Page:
If predictions by the National Retailers Federation are on target, stores will be flooded with love-struck shoppers this Valentine’s Day weekend.
The Washington, D.C.-based trade group is predicting that $15.7 billion in flowers and chocolates — and of course, jewelry — will fly off the shelves in what is expected to be the first major shopping holiday of 2011.
For Puerto Ricans, it is the second, as islanders kick off their new year’s shopping during the first week of January to celebrate the Three Kings holiday. Still, it is estimated that island consumer spend close to $80 million a year in Valentine’s Day gifts.
The study, for which NRF commissioned consumer trend firm BIGresearch, revealed that the average person will shell out $116.21 on traditional Valentine’s Day merchandise this year, up 12.8 percent over last year’s $103.
“Having surpassed expectations during the holiday season, it seems consumers are not done spending on gifts, which bodes well for the economy,” said NRF President and CEO Matthew Shay. “Jewelry, candy and apparel sales should provide a nice boost for retailers during the typically slower months of January and February.”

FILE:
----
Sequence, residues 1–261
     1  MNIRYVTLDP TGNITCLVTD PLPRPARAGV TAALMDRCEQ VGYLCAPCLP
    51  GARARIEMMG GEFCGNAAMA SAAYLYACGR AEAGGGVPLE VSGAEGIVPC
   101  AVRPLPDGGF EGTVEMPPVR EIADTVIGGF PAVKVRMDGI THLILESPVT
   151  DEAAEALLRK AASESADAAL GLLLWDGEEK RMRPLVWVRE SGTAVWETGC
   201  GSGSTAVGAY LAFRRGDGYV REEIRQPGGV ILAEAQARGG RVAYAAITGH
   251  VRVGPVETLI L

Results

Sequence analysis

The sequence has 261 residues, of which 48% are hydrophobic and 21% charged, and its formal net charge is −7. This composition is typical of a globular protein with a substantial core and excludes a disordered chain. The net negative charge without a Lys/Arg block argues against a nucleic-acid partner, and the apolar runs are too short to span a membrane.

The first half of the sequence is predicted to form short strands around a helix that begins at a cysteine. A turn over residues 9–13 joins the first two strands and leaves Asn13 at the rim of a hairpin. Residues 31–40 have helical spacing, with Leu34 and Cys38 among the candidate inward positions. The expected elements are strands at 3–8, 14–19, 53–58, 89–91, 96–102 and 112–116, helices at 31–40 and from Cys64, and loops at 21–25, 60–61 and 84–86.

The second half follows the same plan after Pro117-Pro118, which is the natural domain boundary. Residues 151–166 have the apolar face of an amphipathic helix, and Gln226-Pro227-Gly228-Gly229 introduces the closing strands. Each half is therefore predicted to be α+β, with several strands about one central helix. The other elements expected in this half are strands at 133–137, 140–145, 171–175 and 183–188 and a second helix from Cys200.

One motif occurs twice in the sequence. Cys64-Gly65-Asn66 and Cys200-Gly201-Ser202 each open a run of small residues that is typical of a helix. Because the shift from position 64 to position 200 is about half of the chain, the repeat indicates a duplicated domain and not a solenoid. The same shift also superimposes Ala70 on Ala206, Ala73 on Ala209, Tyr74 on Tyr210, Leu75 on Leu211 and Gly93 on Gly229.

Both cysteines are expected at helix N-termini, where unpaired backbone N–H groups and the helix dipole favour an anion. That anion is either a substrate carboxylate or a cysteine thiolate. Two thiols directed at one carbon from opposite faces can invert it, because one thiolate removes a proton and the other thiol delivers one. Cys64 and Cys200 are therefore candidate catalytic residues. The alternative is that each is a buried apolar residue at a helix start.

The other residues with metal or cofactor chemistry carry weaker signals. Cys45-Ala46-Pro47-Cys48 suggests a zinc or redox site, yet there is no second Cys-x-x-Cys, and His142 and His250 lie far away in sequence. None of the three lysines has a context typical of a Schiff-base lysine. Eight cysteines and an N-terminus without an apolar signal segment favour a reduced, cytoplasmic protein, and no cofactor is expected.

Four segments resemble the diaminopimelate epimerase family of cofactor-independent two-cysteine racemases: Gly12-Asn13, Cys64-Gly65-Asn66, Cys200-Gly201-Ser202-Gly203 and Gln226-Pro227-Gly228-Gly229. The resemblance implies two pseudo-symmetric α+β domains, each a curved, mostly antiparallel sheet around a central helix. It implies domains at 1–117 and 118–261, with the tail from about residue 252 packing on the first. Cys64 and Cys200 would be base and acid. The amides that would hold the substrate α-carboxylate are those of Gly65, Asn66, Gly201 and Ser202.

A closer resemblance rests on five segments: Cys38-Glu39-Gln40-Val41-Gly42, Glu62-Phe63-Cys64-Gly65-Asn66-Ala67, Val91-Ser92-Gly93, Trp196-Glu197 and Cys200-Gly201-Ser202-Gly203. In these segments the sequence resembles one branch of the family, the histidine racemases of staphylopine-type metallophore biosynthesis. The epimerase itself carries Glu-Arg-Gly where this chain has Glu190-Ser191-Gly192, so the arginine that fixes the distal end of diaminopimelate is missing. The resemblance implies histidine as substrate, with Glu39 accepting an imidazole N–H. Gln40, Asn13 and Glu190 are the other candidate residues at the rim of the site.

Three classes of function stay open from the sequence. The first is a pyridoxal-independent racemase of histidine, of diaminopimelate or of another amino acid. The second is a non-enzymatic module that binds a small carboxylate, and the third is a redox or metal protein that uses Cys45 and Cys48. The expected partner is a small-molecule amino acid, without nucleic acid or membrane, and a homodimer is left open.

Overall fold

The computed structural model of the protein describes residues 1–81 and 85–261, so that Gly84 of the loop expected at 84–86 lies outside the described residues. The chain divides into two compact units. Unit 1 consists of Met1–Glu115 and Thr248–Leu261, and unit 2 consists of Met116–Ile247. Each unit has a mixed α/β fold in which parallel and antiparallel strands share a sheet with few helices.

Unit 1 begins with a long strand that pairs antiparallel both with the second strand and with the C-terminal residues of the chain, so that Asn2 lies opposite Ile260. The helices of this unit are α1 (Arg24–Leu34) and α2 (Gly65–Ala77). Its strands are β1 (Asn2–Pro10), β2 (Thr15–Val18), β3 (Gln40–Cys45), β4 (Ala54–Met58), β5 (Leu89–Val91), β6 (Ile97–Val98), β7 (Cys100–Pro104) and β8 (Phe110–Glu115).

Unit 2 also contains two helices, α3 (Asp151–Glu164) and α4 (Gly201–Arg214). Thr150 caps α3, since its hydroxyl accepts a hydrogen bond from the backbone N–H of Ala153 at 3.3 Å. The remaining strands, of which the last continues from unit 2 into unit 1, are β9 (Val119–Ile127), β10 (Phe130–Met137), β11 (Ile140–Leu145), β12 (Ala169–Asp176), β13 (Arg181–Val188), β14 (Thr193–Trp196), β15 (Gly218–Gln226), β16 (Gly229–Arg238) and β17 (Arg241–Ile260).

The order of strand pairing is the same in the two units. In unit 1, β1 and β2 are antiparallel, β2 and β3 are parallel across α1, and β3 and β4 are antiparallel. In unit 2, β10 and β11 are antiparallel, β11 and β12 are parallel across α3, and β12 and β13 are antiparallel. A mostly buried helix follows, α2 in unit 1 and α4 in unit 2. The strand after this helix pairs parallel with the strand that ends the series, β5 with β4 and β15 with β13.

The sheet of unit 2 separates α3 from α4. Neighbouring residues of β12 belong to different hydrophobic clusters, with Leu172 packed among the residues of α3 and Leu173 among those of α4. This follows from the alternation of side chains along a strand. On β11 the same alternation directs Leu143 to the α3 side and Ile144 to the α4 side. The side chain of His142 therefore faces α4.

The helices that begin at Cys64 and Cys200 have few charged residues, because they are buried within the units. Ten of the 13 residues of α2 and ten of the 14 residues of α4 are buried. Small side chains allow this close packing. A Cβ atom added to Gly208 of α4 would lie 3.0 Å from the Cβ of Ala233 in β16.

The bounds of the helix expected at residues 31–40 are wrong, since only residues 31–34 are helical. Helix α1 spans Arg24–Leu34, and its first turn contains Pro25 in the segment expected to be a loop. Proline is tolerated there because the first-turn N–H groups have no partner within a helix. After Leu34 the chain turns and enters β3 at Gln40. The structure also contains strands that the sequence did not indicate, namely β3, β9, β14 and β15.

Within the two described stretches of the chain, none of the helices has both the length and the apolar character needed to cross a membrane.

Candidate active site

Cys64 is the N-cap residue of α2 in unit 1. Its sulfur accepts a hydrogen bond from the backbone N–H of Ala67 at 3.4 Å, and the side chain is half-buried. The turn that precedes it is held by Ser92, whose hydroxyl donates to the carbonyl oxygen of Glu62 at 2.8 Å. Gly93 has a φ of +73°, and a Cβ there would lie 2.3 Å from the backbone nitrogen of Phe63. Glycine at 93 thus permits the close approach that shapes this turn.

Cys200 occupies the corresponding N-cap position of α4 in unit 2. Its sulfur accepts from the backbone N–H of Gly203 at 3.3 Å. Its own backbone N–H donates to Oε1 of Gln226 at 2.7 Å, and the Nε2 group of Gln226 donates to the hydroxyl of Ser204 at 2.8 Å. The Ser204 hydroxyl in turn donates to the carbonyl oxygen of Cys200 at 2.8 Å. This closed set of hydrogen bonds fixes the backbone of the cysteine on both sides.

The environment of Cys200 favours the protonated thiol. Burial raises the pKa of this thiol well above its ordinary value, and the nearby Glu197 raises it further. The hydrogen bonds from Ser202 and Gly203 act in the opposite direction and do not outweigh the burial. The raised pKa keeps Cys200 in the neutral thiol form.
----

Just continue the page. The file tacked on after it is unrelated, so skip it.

The study — which surveyed some 8,900 consumers during the first week of January — shows that this year, couples will spend an average of $68.98 on their significant other or spouse, up about 9 percent from the $63.34 rung up last year.
In terms of what sells, greeting cards are still the most popular gift options, with more than half of all shoppers expected to pick one up this year. At least 17.3 percent of shoppers confirmed they will be buying jewelry for their loved ones, up a few percentage points from the 15.5 percent last year. In all, consumers will reportedly spend $3.5 billion on jewelry this Valentine’s Day, up from an estimated $3 billion last year
As usual, men are expected to spend more than women on gifts, or about twice as much, NRF said.
“Though the economy will still be on their minds, Valentine’s Day holds a special place in many Americans hearts,” said Phil Rist, Executive Vice President, Strategic Initiatives, BIGresearch. “Some may opt for a quiet night out or a home cooked meal to keep costs down, but it seems there are others who are a little more interested in a nice night on the town.”
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